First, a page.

Isaiah 6:1-8 (John 3:1-15)
You hear a lot about God’s presence. Sometimes people will talk about feeling God’s presence in some event or service. In some sense, that can be understood correctly. For instance, if someone almost dies in a car crash, surely that person, if he or she is a Christian, will recognize God’s mercy in sparing him or her. The fact is, though, that outside of God’s Word and Sacraments (and the Christian and his or her experience shaped by and through them), God is present with sinners in only a way that terrifies. Isaiah experienced that in our first lesson.
What was Isaiah’s reaction to God’s presence? It was the only reasonable reaction someone keenly aware of his sinfulness and sins can have. Isaiah said, “Woe is me! For I am lost; for I am a man of unclean lips, and I dwell in the midst of a people of unclean lips; for my eyes have seen the King, the Lord of hosts!” Isaiah knew that he could not stand in God’s presence and live, not with his sinful lips and eyes and heart and mind.
Do we still have that sense of sinfulness and sin? I pray we do, but I know I often don’t. Do we blush? Do we see our words and thoughts and deeds for what they are? Do we see ourselves for who we are? It’s a terrifying thing, but that’s what God hidden and the law’s accusation leave us with: terror.
How is the LORD described here? The seraphim sing, “Holy, holy, holy is the Lord of hosts; the whole earth is full of his glory!”And that’s what terrified Isaiah. He wasn’t holy at all, definitely not three times over like our Triune God. He was unclean, and that doubly so. Isaiah had a sense of sin, and so must we. Isaiah knew what he’d thought and said and done, knew who he was, and so must we. And what drove it home to Isaiah was this stark revelation of who God was: holy and the LORD of hosts.
That’s the problem. God is holy and we can never be holy, no matter how hard we try. We can maybe sin less, but we cannot become sinless, not on our own. To be holy is to have no sin, and hope’s of that sort are dashed at conception, before we are even born, because we are sinful from that moment—we bear unclean lips even before they can speak. And that’s where our John’s Gospel comes into the picture. We were born sinners, struck out already at birth, and so our only hope is to be born again, which is where the Blessed Trinity comes in, and indeed impresses His holy name—Father, Son, and Holy Spirit—upon us.
What did Jesus tell Nicodemus must happen for a man to enter the kingdom of God? Jesus said, “Truly, truly, I say to you, unless one is born again he cannot see the kingdom of God.” And he was serious. There was no joking or metaphor here. Jesus really meant what He said. We must be born again. We need a new Father, a new Brother, a new Spirit, a new name, identity, and inheritance. If you’ve tried hard to reform your life and failed, tried hard to become a new or better person and failed, it’s no wonder. You were born and bound to fail. You were born bound by and in sin. You must be born again.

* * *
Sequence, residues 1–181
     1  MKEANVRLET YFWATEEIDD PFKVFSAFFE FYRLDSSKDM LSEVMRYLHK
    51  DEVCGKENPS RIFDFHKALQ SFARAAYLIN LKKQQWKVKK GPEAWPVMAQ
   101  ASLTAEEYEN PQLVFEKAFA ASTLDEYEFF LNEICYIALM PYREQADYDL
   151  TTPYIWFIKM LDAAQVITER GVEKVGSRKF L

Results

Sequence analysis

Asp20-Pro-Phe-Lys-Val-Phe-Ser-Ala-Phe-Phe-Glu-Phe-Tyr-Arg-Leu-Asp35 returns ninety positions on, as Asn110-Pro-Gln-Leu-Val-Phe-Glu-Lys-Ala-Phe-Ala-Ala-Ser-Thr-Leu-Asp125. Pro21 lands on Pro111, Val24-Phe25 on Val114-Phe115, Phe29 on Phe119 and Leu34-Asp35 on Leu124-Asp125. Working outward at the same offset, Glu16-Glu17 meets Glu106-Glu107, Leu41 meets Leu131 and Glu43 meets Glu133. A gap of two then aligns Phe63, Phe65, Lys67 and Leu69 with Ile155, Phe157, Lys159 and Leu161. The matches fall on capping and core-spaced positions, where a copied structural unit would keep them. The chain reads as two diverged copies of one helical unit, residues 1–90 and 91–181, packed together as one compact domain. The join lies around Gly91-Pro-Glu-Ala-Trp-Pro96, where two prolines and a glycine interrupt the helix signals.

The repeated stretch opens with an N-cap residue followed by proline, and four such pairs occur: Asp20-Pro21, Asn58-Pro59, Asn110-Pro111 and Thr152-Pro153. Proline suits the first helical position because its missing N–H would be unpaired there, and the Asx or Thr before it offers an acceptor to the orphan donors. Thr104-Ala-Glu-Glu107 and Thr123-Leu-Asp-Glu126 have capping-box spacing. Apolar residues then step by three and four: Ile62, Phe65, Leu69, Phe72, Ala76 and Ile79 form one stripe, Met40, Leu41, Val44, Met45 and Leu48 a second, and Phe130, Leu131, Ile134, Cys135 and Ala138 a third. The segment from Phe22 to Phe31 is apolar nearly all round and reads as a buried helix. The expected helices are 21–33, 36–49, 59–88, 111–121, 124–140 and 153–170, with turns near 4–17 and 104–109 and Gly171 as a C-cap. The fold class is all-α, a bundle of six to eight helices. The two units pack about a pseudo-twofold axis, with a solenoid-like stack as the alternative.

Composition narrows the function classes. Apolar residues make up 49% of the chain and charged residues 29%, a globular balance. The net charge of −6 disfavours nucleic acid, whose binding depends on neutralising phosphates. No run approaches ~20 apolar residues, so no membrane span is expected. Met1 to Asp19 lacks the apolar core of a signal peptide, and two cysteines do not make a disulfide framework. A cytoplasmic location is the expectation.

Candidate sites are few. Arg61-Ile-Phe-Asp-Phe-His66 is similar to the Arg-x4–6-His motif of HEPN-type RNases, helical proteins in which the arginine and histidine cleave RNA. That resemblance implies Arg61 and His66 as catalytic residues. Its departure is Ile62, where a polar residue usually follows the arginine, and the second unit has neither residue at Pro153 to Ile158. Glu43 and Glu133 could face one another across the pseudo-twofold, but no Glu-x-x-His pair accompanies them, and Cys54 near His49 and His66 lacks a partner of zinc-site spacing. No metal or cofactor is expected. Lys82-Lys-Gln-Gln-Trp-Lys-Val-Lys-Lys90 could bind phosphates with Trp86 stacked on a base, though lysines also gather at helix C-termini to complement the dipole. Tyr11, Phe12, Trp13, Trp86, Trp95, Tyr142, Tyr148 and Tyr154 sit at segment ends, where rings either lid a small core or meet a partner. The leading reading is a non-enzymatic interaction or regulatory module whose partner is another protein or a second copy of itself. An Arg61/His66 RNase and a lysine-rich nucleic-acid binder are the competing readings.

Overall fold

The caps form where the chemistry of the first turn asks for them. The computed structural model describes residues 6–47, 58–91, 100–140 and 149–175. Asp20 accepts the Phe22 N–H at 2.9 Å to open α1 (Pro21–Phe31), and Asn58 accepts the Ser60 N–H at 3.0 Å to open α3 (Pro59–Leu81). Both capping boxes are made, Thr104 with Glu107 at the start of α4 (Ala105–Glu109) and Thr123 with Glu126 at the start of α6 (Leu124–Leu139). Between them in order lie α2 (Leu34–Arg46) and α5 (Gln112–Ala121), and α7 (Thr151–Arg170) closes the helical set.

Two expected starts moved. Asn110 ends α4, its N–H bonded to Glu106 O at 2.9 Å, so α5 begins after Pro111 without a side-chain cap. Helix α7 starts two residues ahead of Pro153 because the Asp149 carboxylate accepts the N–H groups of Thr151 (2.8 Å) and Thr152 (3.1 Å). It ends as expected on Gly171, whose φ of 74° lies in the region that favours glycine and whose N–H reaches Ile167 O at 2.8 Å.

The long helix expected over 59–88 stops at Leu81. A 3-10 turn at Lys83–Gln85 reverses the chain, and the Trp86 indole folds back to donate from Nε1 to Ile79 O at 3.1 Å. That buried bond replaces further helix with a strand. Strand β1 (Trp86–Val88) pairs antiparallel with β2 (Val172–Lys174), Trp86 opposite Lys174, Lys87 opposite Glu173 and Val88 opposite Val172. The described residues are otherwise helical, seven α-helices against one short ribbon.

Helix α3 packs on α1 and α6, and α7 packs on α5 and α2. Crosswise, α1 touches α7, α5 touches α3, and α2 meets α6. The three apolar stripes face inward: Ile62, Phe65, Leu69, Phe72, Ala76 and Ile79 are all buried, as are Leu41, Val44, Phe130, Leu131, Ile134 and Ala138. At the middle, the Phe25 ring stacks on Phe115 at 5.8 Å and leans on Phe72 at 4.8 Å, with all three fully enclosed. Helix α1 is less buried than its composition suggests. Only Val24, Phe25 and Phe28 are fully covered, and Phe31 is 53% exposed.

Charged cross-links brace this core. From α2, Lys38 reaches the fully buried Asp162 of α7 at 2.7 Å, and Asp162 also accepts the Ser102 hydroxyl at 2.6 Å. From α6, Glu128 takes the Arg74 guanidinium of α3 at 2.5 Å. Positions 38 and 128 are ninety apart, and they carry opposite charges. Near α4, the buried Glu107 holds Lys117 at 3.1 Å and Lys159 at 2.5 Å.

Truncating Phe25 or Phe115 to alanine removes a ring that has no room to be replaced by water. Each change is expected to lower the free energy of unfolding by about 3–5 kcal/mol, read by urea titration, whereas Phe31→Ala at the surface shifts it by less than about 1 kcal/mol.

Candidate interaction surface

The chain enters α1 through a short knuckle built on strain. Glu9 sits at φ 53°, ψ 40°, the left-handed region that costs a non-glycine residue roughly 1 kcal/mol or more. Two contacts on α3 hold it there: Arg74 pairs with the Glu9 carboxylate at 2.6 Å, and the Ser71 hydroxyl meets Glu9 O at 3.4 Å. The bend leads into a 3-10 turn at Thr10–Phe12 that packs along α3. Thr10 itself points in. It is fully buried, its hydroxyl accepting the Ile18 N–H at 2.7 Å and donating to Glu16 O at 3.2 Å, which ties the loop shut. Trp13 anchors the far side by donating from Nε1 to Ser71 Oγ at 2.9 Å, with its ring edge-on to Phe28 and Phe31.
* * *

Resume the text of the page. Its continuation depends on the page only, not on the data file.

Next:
But how, right? That’s no easy task. In fact, it’s an impossible task. It is like creating something out of nothing. But nothing is impossible with God, and He is good at creating perfection out of the most unfit or even nonexistent materials. Nicodemus wondered at Jesus’ answer, as well we might, and so Jesus explained Himself. “Truly, truly, I say to you, unless one is born of water and the Spirit, he cannot enter the kingdom of God. That which is born of the flesh is flesh, and that which is born of the Spirit is spirit.”
In Baptism we have been born again. In Baptism sinners are made saints, failures are immersed in Christ’s accomplished work on the cross. In Baptism the Father adopts you as His own, the Spirit enters into you through the waters and works faith in your heart, and Christ’s merits are applied to you, so that what He is you are declared and what you are is taken away, having been taken upon Christ Himself in His passion. And that is not to say that you will sin no more. The old Adam is a stubborn fool and desperately treads water, clinging to your flesh until the grave. But that is why we return to the waters of Baptism every time we confess our sins and are absolved, every time we go to God for mercy and receive it with the confidence of faith.
A seraph took a coal from the LORD’s altar, touched Isaiah’s lips, and proclaimed him clean. The seraph said, “Behold, this has touched your lips; your guilt is taken away, and your sin atoned for.” The same coal that cleansed Isaiah’s lips opened those very same lips to proclaim God’s mercies. And the same happens here. Our Lord’s Body and Blood touches the lips of those who have been instructed and commune, repentant of their sins, and cleanses them and opens their lips to sing His praises and spread abroad the good news of His mercies.
Our God is holy and we are not—not by our first birth. And yet through His Word and Sacraments God makes us new creations. We are born again in Baptism. We are cleansed in the Lord’s Supper. We are declared His own through His Word. Approach God, then, not on your own, or according to your own notions, and definitely not with impenitent or unashamed sin, but in Christ, according to His Word, through His means of grace, and in humility. In that way who you have been dies and who Christ died and rose to make you begins and manifests itself in your words, thoughts, and actions, which remain imperfect in this life, and are pleasing to God our Father through the Son and by the Spirit nonetheless.
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